Sunday, February 18, 2007

What Is Schizophrenia?

Not one disease but a cluster of brain disorders, schizophrenia (schiz-o-phre-ni-a) distorts the thoughts, emotions, and behavior of its victims. The term schizophrenia comes from two Greek words that mean "split" and "mind." When Swiss psychiatrist Eugen Bleuler introduced the term in 1911, he meant splitting or fragmenting of the thinking process.

Schizophrenics should not be confused with victims of multiple, or split, personalities. The American Psychiatric Association also distinguishes schizophrenia from schizoid and schizotypal personality disorders. Though these conditions may involve traits and behaviour (such as indifference to others, lack of interest in friends, excessive anxieties, and odd beliefs) that make relationships difficult, they are not marked by the delusions, hallucinations, and incoherence of the diagnosed schizophrenic. As evidence of its devastating effect on personality, schizophrenia used to be called dementia praecox, meaning "premature dementia."

Schizophrenics may have auditory hallucinations - hearing voices that urge them to perform acts that are often irrational. Schizophrenics may suffer delusions, such as believing that telephones are trying to rob their brains or that they are the rightful heirs to the throne of Great Britain. They may laugh at funerals and cry when others laugh. Some withdraw from the world, crouched in a corner, silent and unseeing.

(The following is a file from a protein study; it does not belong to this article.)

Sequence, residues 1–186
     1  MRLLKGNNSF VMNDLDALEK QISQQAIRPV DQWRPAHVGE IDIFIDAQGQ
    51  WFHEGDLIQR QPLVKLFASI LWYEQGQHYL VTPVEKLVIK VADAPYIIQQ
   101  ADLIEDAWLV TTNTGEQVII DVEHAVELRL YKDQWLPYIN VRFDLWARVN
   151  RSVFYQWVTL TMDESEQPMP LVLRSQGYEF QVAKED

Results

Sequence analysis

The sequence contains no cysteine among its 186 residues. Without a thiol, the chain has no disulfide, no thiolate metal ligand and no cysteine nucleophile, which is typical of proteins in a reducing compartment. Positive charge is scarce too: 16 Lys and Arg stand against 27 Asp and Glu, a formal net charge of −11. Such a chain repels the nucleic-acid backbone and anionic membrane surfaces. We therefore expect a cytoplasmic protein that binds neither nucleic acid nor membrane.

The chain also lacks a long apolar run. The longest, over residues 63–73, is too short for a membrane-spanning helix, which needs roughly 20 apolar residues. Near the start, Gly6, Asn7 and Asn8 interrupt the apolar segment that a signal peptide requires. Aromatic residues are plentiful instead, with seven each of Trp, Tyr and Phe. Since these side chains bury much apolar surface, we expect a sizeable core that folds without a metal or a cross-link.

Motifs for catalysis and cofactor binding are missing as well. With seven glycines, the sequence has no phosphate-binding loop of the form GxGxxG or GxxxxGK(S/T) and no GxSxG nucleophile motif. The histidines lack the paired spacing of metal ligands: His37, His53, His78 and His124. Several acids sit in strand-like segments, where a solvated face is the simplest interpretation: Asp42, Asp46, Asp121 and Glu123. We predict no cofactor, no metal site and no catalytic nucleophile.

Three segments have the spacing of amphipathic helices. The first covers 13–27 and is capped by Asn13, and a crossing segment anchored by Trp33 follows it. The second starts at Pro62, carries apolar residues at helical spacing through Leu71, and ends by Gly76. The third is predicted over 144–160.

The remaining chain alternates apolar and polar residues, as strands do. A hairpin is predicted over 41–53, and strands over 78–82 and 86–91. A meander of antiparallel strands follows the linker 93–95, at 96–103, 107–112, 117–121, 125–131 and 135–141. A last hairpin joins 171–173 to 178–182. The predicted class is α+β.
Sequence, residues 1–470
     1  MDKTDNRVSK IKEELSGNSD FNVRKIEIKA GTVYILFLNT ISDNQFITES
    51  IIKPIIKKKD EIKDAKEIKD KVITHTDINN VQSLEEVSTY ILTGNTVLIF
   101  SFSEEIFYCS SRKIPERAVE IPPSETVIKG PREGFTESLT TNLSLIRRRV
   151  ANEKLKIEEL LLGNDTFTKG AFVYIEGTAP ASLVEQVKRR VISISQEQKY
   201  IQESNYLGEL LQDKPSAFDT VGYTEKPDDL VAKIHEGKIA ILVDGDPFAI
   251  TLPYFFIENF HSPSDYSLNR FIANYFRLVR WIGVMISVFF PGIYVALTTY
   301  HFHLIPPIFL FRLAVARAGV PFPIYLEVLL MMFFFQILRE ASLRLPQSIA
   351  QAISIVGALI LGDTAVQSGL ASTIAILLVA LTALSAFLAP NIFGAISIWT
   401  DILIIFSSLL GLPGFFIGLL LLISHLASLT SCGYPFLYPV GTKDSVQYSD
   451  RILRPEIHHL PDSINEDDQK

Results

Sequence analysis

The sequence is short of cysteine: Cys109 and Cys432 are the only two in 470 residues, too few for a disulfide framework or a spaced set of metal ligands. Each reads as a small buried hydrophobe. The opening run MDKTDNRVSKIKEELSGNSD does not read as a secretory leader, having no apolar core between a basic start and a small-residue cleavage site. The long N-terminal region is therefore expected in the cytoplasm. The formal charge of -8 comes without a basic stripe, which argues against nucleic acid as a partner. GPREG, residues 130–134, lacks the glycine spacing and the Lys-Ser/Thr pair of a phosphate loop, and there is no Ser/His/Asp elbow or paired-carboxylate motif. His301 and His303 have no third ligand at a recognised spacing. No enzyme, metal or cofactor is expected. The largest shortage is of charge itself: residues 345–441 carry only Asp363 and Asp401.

Some schizophrenics have difficulty handling even the simplest of jobs, and they may be incapable of meaningful speech. They lose motivation and emotion and are unable to function in society at all. The only concentration they can apply is to whatever delusion obsesses them.

Schizophrenia can shatter not only the lives of its victims, but the lives of their immediate families. In the industrialized world, schizophrenia accounts for 50 percent of admissions to psychiatric hospitals.

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